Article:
Jamie Love, Director, Executive Director, Knowledge Ecology International (KEI) & U.S. Chair of the Intellectual Property Committee, TACD made a presentation on implementing delinkage. He first agreed with previous speakers on the use of compulsory licenses. His presentation first explained the three main sources of funding for biomedical R&D, namely 1) grants from governments and charities; 2) profits from selling products protected by legal monopolies, the patent system is the most famous among them and 3) the drug tax credit offered by the US for the execution of clinical trials. Love continued by presenting figures (please consult respective slides) on the R&D investment from the private sector in comparison to global sales between 2004 and 2010, and illustrated his point with the case of cancer treatment R&D spending in Europe in 2009. After showing a graph on the relative spending on drugs and relative mortality rates for all cancers, showing a differential access and outcomes between countries with higher and lower income, he came with the idea of eliminating monopolies on cancer drugs and fund R&D with a combination of grants and three types of innovation prizes: End product prizes; Open source dividend; Milestone prizes. Furthermore, he developed on the EU example of an EU wide Cancer innovation fund and a plurilateral cancer innovation fund. He concluded on the role of Europe as supplier of innovation under the delinkage model, explaining that a greater reliance upon grants would first enhance the role of universities and SMEs in supplying innovation. Second the de-emphasis of marketing monopoly would create more competitive opportunities for SMEs in manufacturing and distributing. Last, new inventions can be patented, and patents can be fully exploited in foreign countries.
Teresa Alves, International Policy Adviser, La Revue Prescrire gave a presentation on “Stopping the spiral of exorbitant prices”. She began by introducing the publication Prescrire produced by medical professionals and financed from subscription only. They are a member of the international society of drugs bulletins and conduct drug reviews, looking at products and attributing ratings. More specifically, they assess, whether innovative medicines bring an advantage, harms reactions, efficacy and convenience for patients. They also make comparisons with existing products. Alves then went on to speak about results obtained between 2000 and 2013 to illustrate the crisis of innovation. The majority of new medicines add nothing new, are not responding to medical needs, according to their research. 14 per cent of them are even worse in safety and efficacy, bringing no advantage/benefit. She noted that over the past 13 years, 65% of all new medicines have had no real added therapeutic value. Less than 20 per cent of new medicines have some possible therapeutic added-value. These results are consistent with those of many other institutions and research centres.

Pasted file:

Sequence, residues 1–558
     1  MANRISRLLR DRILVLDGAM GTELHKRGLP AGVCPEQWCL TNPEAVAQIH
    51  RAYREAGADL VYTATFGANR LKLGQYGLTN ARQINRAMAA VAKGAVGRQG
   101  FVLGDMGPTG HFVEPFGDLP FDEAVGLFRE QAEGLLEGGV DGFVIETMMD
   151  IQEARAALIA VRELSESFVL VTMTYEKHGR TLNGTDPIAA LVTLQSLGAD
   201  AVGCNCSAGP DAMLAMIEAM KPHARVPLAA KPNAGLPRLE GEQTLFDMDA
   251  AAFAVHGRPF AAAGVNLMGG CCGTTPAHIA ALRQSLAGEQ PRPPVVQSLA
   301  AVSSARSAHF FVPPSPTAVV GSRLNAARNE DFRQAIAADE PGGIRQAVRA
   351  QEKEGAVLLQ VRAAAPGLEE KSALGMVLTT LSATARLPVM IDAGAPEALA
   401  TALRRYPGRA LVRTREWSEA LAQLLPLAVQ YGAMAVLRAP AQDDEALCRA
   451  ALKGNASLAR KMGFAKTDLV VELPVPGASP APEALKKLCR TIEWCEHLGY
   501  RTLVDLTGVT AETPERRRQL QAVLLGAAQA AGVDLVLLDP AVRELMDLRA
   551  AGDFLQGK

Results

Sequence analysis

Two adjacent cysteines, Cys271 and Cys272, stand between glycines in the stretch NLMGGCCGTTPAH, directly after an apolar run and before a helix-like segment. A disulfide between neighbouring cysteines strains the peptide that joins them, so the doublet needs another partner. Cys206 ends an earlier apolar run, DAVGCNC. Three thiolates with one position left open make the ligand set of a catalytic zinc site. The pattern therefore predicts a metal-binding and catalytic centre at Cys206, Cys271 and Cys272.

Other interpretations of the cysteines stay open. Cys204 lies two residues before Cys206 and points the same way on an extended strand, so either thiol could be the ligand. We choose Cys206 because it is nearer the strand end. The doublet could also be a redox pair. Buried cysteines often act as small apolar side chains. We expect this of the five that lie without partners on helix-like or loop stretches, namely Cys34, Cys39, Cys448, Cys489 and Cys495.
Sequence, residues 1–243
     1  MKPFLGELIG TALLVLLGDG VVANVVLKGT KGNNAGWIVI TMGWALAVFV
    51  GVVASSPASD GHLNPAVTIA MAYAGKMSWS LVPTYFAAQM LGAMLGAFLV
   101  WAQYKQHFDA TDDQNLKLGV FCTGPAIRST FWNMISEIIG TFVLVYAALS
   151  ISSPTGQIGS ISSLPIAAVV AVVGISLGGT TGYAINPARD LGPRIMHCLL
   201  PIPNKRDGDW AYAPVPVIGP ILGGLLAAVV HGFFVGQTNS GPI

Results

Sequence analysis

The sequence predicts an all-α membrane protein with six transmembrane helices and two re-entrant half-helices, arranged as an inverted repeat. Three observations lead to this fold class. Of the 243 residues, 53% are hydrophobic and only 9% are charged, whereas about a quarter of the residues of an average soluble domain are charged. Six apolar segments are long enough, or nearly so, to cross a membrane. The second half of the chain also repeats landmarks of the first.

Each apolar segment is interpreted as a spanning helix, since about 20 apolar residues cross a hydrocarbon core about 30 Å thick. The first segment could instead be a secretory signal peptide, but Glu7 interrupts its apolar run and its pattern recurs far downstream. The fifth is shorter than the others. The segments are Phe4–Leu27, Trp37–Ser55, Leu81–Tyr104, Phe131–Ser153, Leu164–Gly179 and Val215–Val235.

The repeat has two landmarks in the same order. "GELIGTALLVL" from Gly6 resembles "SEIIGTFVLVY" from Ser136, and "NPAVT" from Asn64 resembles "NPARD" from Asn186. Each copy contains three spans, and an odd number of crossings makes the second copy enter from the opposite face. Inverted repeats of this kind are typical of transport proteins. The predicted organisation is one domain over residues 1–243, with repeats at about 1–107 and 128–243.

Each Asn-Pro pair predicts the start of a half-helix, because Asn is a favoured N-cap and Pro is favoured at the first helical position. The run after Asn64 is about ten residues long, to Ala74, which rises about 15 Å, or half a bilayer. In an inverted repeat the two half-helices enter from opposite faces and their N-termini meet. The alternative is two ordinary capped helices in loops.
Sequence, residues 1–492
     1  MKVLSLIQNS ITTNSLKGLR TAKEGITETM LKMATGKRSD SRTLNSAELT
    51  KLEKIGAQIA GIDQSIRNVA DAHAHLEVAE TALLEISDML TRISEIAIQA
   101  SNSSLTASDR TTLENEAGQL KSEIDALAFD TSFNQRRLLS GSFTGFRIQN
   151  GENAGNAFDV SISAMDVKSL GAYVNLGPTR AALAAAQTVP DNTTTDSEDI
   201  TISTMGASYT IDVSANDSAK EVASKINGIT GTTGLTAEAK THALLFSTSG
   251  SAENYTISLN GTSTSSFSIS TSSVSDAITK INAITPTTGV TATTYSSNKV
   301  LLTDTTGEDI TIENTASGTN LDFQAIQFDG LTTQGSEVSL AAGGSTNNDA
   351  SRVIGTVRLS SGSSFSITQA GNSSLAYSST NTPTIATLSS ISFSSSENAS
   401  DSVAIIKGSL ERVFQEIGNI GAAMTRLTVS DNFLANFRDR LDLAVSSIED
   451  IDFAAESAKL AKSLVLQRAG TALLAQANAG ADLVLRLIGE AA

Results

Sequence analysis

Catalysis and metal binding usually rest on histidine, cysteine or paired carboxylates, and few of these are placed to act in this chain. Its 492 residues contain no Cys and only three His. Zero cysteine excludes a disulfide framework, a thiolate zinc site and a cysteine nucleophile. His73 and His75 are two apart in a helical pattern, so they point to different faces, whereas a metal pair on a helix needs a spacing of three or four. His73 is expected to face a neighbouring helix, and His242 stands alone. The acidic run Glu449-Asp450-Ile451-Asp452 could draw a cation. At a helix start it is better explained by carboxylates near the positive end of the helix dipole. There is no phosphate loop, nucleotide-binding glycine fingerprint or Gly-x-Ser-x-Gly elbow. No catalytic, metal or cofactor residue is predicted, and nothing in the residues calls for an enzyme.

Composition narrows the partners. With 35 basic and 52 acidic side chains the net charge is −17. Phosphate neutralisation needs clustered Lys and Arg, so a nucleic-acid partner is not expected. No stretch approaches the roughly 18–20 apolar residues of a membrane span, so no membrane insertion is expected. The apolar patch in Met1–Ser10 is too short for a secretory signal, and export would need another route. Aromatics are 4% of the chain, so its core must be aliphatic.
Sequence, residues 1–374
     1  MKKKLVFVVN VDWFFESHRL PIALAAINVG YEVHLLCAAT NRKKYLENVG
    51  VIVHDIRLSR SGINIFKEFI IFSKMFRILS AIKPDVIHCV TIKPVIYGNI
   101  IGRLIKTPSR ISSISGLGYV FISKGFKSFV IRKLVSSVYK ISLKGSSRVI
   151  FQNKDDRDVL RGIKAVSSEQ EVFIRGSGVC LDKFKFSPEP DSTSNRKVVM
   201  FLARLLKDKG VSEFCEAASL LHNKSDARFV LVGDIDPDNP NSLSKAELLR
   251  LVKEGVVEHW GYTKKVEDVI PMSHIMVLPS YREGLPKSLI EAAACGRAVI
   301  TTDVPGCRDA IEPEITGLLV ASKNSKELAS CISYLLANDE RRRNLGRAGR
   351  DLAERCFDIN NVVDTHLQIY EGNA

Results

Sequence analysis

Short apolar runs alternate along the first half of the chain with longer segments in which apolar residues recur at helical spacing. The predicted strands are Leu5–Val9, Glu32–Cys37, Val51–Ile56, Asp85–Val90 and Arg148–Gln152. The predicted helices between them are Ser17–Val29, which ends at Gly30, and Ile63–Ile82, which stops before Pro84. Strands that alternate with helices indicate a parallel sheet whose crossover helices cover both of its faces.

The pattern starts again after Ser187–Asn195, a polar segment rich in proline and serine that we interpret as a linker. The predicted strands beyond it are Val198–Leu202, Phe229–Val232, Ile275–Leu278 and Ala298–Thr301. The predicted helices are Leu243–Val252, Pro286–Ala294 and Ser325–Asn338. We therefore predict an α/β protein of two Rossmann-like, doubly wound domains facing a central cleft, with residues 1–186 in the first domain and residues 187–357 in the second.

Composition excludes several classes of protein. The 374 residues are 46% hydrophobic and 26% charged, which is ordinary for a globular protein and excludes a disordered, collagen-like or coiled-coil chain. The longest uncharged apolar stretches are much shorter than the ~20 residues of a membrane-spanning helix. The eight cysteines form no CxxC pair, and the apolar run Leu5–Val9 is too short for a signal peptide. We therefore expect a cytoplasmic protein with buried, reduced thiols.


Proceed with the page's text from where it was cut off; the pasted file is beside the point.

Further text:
Alves then argued that clinical research mainly funded by companies does not enough focus on unmet needs; aims to obtain a marketing authorisation without the need to prove therapeutic advance; and clinical trials tend to be used as marketing tools. At the same time, marketing approvals are given faster and faster; often based on weak evidence, with often insufficient post marketing risk minimisation measures and dangerous drugs being approved and subsequently withdrawn. She expressed serious concerns over the EMA’s adaptive licensing project which in her opinion can have dangerous implications for patients.
With regard to high medicine prices she explained that prices are often negotiated in opacity and not frequently based on real cost of production which remains unknown. There is also a disconnection between the drug price and its therapeutic value. She further explained that influential oncologists have described current prices of cancer medicine as “astronomical, unsustainable and even immoral”. These prices therefore put universal access and health protection systems at risk. Furthermore, money spent for expensive drugs with little added-value is money wasted for what is really needed by society.